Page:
Thoughts on the past few years...
I've been making DX tools for fellow DXers for about the past 20 years and, while there have always been bumps in the road, the past couple of years have been particularly trying.
Hurricanes---Being located in NW Florida, hurricanes are always a potential problem. However, the past few years have been devastating. First, in 2004, we were directly hit by Hurricane Ivan and sustained over $10,000 in damages to Radio Plus+. This literally put us out of business for three months. Even worse, it put two of our reliable suppliers for Plexiglas loophead cabinets and silk screening completely out of business. This resulted in extreme hustling to find new local suppliers. The closest Plexiglas fabricator was 40 miles away and a local silk screener agreed to attempt to print the difficult sloping front faces of the metal cabinets. Unfortunately, the Plexiglas fabricator was wiped out the next year by Hurricane Katrina and the silk screener threw his hands up in surrender and admitted that it he wasn't able to do it. Hurricane Dennis hit here in 2005 and, again, resulted in damage to Radio Plus+ and forced closing for several weeks. So far this year, we haven't been directly affected by storms. In addition, a new plastics fabricator has started business and I've gone to computer labeling of the cabinets, so things are finally rolling along again (for the time being).
I have to admit that I came very close to throwing in the towel during the past two years...
Suppliers and supplies---It seems that the components used in Radio Plus+ products are getting increasingly difficult to find. For years and years, I used a readily available 2-ganged variable capacitor for tuning the loops. These suddenly began disappearing from the market and I was able to hoard only about 200 of them before they disappeared completely. When this stock was depleted, I had to completely redesign the tuning section of the loops to accommodate the only variable capacitors I could find. (Thus, the v2.0 with its 3-position range switch was born to cover the tuning range of the smaller variable capacitor.)
For years, all Quantum Loops used a JFET first stage of amplification, followed by a second-stage MOSFET amp. Originally, many years ago, these MOSFETs were available from Motorola, were excellent, consistent and cost less than $3.00 each. When Motorola quit making them, I was forced to use "equivalents" or (supposedly) "new old stock." By a couple of years ago, these MOSFETs had increased to about $13.00 each and were highly variable in quality. In fact, I had to discard between two and three out of every four I tested. At $13.00 a pop, this was getting prohibitively expensive and would have required my significantly raising prices to compensate. To make matters even more hair-pulling, I was forced to mount a trimmer on the bottom (middle) of the circuit board so that the gate control voltage could be adjusted for best signal-to-noise balance for each individual MOSFET that passed muster. (NOTE: If you have a QX Loop or QX Pro manufactured in the past five years, you might check to see if the trimmer is still optimally adjusted; a rise in noise floor indicates that it needs adjustment.) Instead, I designed a new amp using a JFET/JFET design. While the overall gain was reduced, the noise floor was significantly improved so that there was equivalent performance between the two amps, especially since the reduction in gain of the JFET/JFET amp could easily be offset by adjusting the Q-multiplication control. Luckily, I recently was fortunate to acquire a few prime MOSFETs by Motorola and they are being used in the new v2.0 Plus+ model. While not quite as quiet as the JFET/JFET design, S-meter readings are greater (if you happen to judge the "worth" of an antenna by its S-meter reading).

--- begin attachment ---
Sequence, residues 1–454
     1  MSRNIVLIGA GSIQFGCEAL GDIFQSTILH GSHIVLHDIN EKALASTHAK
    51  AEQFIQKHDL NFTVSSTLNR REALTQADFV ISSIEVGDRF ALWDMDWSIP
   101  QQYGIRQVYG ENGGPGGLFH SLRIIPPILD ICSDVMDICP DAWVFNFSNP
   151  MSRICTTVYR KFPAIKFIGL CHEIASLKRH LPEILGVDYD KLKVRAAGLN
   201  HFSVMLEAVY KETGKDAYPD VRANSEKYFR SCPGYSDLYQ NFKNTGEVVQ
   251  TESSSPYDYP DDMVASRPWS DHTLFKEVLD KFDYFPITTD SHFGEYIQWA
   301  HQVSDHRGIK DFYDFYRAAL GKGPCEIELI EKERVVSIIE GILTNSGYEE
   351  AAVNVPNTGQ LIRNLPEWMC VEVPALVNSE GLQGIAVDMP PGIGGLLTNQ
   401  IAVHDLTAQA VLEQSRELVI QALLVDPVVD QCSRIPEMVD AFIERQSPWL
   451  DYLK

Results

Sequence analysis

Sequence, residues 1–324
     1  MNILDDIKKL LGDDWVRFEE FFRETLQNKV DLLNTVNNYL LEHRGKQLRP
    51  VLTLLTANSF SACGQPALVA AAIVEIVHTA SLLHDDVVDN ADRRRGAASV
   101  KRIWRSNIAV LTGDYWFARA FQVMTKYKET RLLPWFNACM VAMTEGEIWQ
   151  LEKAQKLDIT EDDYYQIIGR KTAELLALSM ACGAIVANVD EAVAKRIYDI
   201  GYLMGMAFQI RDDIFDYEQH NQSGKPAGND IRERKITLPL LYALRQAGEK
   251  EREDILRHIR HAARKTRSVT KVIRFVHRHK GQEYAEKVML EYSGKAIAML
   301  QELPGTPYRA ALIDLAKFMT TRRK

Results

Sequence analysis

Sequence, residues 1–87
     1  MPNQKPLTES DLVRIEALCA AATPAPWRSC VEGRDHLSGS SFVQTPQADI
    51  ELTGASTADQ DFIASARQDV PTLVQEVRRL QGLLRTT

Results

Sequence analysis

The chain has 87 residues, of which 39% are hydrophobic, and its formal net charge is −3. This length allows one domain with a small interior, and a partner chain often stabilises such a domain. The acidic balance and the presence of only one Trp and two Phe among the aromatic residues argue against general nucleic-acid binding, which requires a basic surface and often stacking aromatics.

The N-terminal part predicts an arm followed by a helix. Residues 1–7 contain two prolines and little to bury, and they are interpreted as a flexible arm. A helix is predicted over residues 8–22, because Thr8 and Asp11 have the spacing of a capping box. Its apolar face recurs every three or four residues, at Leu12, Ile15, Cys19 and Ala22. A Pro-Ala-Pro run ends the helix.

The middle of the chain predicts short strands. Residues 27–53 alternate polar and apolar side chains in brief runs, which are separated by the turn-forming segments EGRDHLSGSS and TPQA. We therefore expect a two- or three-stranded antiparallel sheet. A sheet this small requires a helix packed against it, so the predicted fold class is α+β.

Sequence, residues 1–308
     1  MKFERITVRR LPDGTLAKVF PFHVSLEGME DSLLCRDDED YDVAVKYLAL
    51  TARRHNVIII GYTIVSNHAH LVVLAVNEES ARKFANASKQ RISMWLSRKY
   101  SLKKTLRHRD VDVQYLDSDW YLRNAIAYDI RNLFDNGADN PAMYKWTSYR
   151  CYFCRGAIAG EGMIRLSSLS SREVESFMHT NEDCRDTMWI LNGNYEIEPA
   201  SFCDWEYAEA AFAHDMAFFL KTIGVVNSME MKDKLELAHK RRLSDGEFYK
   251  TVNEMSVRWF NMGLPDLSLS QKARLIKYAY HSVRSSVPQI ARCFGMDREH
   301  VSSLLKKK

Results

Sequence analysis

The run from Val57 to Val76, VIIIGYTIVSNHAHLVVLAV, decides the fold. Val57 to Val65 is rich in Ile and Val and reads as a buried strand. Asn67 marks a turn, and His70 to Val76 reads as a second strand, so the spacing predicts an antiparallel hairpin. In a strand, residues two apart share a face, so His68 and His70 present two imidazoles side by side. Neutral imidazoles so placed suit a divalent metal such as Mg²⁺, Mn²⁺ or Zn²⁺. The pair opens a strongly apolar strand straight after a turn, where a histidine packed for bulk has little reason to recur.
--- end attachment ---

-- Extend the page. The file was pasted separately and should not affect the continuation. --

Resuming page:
So, here we are now. It feels as though I've been stumbling, trying to keep my balance the past few years and now I'm upright and feeling somewhat back to normal re: Radio Plus+. New products that have been on the drawing board for the past several years are now gaining my attention and, hopefully, will see the light of day in the not too distant future.
Through these unusual times, I've continued to appreciate the support Radio Plus+ has received from my fellow DXers and radio hobbyists...I can't thank you folks enough.